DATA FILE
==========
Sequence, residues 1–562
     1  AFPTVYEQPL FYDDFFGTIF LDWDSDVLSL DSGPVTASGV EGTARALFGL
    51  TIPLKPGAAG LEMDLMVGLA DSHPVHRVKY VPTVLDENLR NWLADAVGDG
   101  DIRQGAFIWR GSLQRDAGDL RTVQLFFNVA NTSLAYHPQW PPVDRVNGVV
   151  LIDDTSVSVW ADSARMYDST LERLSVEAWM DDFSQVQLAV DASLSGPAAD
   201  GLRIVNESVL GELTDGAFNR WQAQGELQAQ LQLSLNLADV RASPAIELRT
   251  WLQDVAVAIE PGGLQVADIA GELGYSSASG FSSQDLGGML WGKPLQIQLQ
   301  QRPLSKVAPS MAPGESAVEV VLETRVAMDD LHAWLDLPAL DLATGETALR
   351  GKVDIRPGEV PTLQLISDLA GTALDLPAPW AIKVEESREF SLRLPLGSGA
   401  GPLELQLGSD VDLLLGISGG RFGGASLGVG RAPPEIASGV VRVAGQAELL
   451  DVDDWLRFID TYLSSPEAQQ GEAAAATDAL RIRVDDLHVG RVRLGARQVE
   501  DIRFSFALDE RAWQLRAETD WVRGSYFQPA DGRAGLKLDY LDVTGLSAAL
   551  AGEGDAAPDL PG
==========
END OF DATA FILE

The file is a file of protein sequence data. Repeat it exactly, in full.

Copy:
Sequence, residues 1–562
     1  AFPTVYEQPL FYDDFFGTIF LDWDSDVLSL DSGPVTASGV EGTARALFGL
    51  TIPLKPGAAG LEMDLMVGLA DSHPVHRVKY VPTVLDENLR NWLADAVGDG
   101  DIRQGAFIWR GSLQRDAGDL RTVQLFFNVA NTSLAYHPQW PPVDRVNGVV
   151  LIDDTSVSVW ADSARMYDST LERLSVEAWM DDFSQVQLAV DASLSGPAAD
   201  GLRIVNESVL GELTDGAFNR WQAQGELQAQ LQLSLNLADV RASPAIELRT
   251  WLQDVAVAIE PGGLQVADIA GELGYSSASG FSSQDLGGML WGKPLQIQLQ
   301  QRPLSKVAPS MAPGESAVEV VLETRVAMDD LHAWLDLPAL DLATGETALR
   351  GKVDIRPGEV PTLQLISDLA GTALDLPAPW AIKVEESREF SLRLPLGSGA
   401  GPLELQLGSD VDLLLGISGG RFGGASLGVG RAPPEIASGV VRVAGQAELL
   451  DVDDWLRFID TYLSSPEAQQ GEAAAATDAL RIRVDDLHVG RVRLGARQVE
   501  DIRFSFALDE RAWQLRAETD WVRGSYFQPA DGRAGLKLDY LDVTGLSAAL
   551  AGEGDAAPDL PG